Feedback and …Not the machine kind
Getting real, honest and (especially) unvarnished feedback may be the best source to learn how to better our customer offering. But it’s also anything but easy. Ask for it in a general way and you’ll generally get vague information.
But ask in a targeted way and maybe you’ll actually learn something valuable. That’s not accomplished by asking a general question like, “How can I improve my offering to you?”. Approached like that you could learn something useful, but it’s more likely you won’t.
Alternatively by starting with a more targeted one like, “Do you feel my once per month service schedule is adequate?”, you might get a more concrete reply. You can pose any number of similar questions that focus on things like deliveries, invoicing and even specific results issues like glassware appearance.
Of course there’s still a valid place for those open-ended ones like, “Is there any service or product that I don’t provide now that you’d like to be receiving?”. But the place for those is after you’ve posed the specific ones that don’t require the buyer to get creative or search his or her imagination to respond.
Oh, and expect to get a lot of vague feedback that you’ll need to help them reduce to an actionable idea. And finally, no matter what they say, we want to validate that suggestion versus “mansplaining” why they really don’t need what they say they want!
The fine print…And reading it
With the litigious world we live in and all its’ regulations and rules, it seems like almost daily we’re presented with some leagalize agreement. And we either accept it, or we can “do without” whatever it served as gatekeeper for access. So, for the most part we just skip to the bottom and either sign it or click the accept button.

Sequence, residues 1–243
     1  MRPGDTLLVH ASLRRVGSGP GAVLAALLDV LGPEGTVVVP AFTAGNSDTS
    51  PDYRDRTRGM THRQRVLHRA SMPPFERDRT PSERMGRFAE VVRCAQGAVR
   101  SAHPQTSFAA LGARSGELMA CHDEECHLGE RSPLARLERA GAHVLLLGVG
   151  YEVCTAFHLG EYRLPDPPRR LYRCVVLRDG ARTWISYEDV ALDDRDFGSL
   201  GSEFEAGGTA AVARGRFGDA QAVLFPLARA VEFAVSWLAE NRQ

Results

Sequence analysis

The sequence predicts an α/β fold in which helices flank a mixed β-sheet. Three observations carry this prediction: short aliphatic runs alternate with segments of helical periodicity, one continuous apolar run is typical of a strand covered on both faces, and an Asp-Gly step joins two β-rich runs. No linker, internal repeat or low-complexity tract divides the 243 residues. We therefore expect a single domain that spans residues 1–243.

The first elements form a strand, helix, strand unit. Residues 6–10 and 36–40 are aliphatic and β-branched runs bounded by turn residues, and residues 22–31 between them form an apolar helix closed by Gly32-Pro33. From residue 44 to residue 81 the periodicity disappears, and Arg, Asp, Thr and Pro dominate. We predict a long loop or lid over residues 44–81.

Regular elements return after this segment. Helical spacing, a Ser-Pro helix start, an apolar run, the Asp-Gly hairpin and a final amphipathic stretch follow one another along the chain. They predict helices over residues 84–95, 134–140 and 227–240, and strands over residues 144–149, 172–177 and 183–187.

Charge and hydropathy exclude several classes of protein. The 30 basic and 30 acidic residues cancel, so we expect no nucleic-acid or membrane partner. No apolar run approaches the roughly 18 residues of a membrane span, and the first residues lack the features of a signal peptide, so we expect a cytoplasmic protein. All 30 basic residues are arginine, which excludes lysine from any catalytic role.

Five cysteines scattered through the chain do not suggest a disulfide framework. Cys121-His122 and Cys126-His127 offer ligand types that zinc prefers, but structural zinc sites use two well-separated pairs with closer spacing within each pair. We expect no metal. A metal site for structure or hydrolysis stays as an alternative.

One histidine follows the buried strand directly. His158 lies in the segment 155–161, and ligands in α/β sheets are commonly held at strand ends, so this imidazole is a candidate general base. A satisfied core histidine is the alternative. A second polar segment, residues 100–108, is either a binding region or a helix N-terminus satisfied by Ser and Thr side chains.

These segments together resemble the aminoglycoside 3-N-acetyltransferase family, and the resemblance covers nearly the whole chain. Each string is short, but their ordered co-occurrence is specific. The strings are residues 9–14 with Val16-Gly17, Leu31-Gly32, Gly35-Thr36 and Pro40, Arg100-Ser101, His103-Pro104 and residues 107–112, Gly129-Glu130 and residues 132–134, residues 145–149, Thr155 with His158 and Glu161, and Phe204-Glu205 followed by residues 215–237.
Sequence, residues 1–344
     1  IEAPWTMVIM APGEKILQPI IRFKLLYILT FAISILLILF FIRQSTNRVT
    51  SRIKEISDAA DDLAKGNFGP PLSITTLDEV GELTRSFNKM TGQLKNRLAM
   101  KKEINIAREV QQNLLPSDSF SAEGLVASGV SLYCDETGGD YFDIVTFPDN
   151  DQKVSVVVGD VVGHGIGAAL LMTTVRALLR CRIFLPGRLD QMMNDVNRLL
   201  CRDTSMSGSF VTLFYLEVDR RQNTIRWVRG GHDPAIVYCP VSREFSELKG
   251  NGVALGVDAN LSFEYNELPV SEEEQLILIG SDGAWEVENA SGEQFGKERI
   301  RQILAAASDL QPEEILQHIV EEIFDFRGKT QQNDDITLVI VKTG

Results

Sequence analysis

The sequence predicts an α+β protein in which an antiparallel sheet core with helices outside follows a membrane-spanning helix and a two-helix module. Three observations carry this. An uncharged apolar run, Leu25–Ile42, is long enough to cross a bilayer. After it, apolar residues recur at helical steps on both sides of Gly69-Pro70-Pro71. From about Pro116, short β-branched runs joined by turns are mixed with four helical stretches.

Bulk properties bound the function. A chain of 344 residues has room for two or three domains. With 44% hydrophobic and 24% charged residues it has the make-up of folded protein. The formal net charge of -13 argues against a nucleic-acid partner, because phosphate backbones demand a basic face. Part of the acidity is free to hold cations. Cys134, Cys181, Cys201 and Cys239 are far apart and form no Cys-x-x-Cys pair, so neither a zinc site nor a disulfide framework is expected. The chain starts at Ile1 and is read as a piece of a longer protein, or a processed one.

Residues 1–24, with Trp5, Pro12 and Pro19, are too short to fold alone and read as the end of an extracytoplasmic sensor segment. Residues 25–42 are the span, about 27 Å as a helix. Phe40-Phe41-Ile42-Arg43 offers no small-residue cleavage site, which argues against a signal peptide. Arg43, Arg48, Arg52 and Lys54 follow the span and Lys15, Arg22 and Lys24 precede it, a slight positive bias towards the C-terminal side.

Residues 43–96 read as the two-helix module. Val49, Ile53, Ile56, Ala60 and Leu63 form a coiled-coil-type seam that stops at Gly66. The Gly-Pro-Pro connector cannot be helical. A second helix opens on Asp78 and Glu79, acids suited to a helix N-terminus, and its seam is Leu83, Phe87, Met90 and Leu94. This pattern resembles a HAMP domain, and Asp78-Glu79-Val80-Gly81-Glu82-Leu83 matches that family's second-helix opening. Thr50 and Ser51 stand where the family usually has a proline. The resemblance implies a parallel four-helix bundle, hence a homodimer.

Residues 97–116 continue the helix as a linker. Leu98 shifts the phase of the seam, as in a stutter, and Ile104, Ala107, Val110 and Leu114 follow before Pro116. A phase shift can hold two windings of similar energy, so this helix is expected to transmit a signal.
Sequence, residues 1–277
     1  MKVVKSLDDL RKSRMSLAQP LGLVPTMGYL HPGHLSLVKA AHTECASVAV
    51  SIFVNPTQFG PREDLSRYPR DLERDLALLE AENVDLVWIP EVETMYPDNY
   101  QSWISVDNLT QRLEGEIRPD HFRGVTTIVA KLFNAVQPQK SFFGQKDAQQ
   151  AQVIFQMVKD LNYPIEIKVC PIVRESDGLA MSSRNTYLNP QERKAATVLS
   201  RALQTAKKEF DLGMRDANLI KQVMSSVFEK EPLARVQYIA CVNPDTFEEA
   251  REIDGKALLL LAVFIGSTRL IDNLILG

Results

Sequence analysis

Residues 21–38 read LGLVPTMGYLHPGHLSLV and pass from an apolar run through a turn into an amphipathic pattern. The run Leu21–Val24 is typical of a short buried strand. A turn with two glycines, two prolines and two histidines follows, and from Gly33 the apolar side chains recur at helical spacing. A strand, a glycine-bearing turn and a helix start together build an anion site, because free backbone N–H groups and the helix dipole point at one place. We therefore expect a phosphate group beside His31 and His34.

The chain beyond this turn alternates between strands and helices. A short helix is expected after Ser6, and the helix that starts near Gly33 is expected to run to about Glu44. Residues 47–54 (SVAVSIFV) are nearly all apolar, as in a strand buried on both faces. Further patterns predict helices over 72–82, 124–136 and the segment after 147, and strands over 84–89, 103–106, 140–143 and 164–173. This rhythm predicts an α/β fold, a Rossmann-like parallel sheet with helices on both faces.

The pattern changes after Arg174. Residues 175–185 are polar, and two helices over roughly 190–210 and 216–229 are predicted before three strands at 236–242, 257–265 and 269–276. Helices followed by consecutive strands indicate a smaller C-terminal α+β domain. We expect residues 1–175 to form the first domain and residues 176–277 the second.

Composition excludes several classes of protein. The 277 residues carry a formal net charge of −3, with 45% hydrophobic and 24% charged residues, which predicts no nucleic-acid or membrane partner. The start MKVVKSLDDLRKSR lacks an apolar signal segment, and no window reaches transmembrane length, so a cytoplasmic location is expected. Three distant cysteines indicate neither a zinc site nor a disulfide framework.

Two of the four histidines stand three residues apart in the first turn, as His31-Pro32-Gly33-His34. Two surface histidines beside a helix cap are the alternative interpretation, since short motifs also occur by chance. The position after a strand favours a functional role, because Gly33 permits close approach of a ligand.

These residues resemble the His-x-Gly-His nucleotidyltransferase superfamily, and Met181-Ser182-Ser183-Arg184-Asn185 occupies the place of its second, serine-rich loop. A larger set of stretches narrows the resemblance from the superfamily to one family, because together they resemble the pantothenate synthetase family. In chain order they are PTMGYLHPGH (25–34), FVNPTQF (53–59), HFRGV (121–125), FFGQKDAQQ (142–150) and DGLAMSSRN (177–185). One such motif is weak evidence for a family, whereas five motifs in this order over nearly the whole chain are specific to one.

And while that may be the reasonable thing to do when it’s a new on-line app or chat group, when it comes to most paper agreements, reading them from top to bottom might be a better idea. When we do, it’s amazing how one-sided many of those are. Take that repair shop’s service agreement when we drop off the van. Does it say they aren’t responsible for any damage while it’s in their care, or that anything stolen from it is also excluded? Here’s the rub: Even though state’s laws probably say they’re on the hook, if you sign it, they’re likely not.
Setting aside our personal situation, there are employment agreements, banking and insurance forms, health code regulations and many more that we’re subject to and which we need to actually read. We might not be able to amend some of them, but at the least we need to understand what we’re signing since it’s very likely that what it says limits our rights versus guaranteeing them.